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Calling Attention to Passages for Biomedical Question Answering

Conference paper
Part of the Lecture Notes in Computer Science book series (LNCS, volume 12036)

Abstract

Question answering can be described as retrieving relevant information for questions expressed in natural language, possibly also generating a natural language answer. This paper presents a pipeline for document and passage retrieval for biomedical question answering built around a new variant of the DeepRank network model in which the recursive layer is replaced by a self-attention layer combined with a weighting mechanism. This adaptation halves the total number of parameters and makes the network more suited for identifying the relevant passages in each document. The overall retrieval system was evaluated on the BioASQ tasks 6 and 7, achieving similar retrieval performance when compared to more complex network architectures.

Keywords

Biomedical question answering Neural networks Attention mechanism Snippet extraction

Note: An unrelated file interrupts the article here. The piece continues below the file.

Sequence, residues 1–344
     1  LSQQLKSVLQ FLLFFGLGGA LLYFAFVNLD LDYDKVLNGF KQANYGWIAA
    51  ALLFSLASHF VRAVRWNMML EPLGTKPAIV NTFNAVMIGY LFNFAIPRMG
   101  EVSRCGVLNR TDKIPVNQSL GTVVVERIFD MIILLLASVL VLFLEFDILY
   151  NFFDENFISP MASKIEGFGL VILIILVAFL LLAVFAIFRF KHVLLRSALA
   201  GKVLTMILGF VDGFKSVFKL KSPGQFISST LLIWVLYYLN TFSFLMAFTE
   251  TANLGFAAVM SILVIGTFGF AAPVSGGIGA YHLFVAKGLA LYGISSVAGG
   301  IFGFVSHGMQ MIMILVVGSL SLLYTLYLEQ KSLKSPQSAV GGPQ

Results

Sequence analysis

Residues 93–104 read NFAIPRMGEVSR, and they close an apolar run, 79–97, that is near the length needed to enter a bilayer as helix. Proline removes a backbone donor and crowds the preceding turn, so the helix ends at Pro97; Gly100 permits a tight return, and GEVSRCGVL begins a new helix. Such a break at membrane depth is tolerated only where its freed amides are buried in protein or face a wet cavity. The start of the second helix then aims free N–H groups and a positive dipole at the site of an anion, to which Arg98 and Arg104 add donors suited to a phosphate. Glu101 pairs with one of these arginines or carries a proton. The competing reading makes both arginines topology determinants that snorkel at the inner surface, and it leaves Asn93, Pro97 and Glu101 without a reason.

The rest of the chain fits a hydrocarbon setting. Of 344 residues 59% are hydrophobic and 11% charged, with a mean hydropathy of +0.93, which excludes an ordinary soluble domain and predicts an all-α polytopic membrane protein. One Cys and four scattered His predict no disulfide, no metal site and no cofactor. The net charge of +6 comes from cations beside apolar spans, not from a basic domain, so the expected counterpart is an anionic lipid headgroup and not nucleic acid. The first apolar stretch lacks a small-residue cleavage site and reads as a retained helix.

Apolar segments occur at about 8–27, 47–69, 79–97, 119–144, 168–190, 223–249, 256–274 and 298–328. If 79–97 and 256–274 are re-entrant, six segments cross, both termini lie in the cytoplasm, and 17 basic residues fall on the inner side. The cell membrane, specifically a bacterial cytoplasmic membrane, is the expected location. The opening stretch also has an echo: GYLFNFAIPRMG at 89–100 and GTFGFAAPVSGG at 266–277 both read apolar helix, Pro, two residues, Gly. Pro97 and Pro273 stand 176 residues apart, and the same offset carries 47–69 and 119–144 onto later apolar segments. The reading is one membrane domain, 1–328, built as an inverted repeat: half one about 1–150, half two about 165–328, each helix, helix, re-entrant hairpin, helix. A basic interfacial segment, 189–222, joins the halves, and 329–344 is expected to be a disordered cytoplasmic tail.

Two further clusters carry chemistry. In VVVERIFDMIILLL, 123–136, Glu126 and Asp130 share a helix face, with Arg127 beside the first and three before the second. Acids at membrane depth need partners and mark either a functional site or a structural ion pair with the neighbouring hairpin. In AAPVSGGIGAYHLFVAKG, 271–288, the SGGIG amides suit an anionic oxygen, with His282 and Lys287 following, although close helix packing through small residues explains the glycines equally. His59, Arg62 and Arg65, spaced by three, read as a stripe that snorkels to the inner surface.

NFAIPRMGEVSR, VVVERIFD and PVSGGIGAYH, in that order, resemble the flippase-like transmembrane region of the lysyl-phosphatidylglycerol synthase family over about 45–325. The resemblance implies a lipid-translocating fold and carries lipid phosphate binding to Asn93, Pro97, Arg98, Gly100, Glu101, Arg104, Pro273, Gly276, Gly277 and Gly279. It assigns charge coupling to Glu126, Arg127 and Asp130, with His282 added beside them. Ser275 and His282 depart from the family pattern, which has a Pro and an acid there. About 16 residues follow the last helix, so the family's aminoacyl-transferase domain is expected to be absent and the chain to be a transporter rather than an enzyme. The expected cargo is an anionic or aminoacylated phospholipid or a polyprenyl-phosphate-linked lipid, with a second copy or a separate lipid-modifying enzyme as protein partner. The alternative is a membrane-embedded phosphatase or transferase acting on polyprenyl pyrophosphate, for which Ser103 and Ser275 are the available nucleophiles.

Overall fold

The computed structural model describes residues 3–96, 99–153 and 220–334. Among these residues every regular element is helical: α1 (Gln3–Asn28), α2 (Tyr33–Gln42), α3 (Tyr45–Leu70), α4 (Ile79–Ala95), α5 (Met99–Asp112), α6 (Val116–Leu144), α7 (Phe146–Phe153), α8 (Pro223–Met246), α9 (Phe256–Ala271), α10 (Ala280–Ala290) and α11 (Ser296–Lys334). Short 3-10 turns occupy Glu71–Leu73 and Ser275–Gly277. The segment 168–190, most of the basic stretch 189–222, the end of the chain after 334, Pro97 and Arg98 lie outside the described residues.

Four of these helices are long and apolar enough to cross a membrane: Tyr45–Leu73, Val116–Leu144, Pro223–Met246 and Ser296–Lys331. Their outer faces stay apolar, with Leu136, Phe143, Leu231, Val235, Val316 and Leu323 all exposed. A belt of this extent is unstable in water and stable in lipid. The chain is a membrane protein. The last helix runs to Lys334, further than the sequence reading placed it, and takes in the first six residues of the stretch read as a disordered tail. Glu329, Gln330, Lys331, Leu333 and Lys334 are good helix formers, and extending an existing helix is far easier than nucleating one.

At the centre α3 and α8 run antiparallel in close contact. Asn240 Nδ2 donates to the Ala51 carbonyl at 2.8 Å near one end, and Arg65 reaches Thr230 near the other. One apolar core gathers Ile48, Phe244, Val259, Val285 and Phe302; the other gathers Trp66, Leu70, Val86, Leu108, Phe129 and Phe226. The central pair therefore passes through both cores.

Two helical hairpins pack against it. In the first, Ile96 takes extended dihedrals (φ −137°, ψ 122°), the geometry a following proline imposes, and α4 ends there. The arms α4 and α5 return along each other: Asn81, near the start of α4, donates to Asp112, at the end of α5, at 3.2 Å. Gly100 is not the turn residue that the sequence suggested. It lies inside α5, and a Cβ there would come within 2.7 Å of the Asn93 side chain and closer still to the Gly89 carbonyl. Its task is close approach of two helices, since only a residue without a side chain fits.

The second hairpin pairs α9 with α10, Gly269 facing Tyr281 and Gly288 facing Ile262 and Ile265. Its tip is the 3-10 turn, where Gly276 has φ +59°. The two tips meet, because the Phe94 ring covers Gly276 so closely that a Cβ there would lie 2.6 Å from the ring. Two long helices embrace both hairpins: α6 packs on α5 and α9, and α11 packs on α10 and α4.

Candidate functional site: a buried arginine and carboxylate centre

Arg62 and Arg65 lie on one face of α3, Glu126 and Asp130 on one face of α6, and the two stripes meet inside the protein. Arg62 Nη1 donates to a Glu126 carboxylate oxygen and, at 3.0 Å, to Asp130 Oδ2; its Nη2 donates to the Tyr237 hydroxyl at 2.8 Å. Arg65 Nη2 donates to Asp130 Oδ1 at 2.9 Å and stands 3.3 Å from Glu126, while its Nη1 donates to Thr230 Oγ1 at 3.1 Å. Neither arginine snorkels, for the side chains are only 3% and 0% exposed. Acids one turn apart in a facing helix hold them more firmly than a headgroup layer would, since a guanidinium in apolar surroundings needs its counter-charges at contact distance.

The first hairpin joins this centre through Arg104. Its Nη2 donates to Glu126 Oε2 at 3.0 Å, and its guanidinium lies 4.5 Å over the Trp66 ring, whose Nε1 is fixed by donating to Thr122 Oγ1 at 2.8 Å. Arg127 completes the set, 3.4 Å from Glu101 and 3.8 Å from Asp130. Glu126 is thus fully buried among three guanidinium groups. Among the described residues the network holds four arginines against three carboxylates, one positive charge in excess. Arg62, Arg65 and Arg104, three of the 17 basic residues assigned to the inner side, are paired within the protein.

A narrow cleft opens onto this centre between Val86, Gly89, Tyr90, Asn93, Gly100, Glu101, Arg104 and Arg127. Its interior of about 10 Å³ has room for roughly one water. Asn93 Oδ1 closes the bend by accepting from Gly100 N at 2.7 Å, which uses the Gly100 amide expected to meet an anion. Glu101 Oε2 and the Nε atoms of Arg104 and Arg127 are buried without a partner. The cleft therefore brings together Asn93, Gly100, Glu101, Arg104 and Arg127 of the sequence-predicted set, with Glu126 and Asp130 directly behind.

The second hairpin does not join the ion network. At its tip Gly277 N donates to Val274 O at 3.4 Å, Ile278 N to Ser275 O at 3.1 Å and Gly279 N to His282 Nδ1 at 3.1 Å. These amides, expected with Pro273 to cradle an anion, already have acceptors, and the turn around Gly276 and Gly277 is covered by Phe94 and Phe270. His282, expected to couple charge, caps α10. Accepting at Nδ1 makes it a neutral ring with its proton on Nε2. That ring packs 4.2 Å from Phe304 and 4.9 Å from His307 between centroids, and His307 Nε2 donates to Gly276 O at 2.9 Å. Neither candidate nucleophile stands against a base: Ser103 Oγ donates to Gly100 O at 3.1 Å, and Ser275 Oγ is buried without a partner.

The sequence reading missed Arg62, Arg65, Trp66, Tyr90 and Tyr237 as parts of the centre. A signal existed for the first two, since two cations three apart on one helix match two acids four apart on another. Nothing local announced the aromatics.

1 Introduction

Question Answering (QA) is a subfield of Information Retrieval (IR) that specializes in producing or retrieving a single answer for a natural language question. QA has received growing interest since users often look for a precise answer to a question instead of having to inspect full documents [4]. Similarly, biomedical question answering has also gained importance given the amount of information scattered over large specialized repositories such as MEDLINE. Research on biomedical QA has been pushed forward by community efforts such as the BioASQ challenge [13], originating a range of different approaches and systems.

Recent studies on the application of deep learning methods to IR have shown very good results. These neural models are commonly subdivided into two categories based on their architecture. Representation-based models, such as the Deep Structured Semantic Model (DSSM) [5] or the Convolutional Latent Semantic Model (CLSM) [12], learn semantic representations of texts and score each query-document pair based on the similarity of their representations. On the other hand, models such as the Deep Relevance Matching Model (DRMM) [3] or DeepRank [10] follow a interaction-based approach, in which matching signals between query and document are captured and used by the neural network to produces a ranking score.

The impact of neural IR approaches is also noticeable in biomedical question answering, as shown by the results on the most recent BioASQ challenges [9]. The top performing team in the document and snippet retrieval sub-tasks in 2017 [1], for example, used a variation of the DRMM [8] to rank the documents recovered by the traditional BM25 [11]. For the 2018 task, the same team extended their system with the inclusion of models based on BERT [2] and with joint training for document and snippet retrieval.